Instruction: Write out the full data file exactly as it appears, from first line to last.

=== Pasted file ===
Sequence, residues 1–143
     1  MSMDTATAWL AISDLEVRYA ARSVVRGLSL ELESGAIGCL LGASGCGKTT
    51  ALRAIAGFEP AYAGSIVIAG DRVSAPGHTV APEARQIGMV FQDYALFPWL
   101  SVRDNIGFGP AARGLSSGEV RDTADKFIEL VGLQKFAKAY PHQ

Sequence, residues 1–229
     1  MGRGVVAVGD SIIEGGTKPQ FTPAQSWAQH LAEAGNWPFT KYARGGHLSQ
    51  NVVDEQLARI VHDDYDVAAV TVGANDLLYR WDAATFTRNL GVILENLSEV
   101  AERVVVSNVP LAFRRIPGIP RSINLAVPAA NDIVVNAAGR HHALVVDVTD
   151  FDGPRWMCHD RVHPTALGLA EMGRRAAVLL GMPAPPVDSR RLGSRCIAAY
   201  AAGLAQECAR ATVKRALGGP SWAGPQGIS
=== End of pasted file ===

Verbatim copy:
Sequence, residues 1–143
     1  MSMDTATAWL AISDLEVRYA ARSVVRGLSL ELESGAIGCL LGASGCGKTT
    51  ALRAIAGFEP AYAGSIVIAG DRVSAPGHTV APEARQIGMV FQDYALFPWL
   101  SVRDNIGFGP AARGLSSGEV RDTADKFIEL VGLQKFAKAY PHQ

Sequence, residues 1–229
     1  MGRGVVAVGD SIIEGGTKPQ FTPAQSWAQH LAEAGNWPFT KYARGGHLSQ
    51  NVVDEQLARI VHDDYDVAAV TVGANDLLYR WDAATFTRNL GVILENLSEV
   101  AERVVVSNVP LAFRRIPGIP RSINLAVPAA NDIVVNAAGR HHALVVDVTD
   151  FDGPRWMCHD RVHPTALGLA EMGRRAAVLL GMPAPPVDSR RLGSRCIAAY
   201  AAGLAQECAR ATVKRALGGP SWAGPQGIS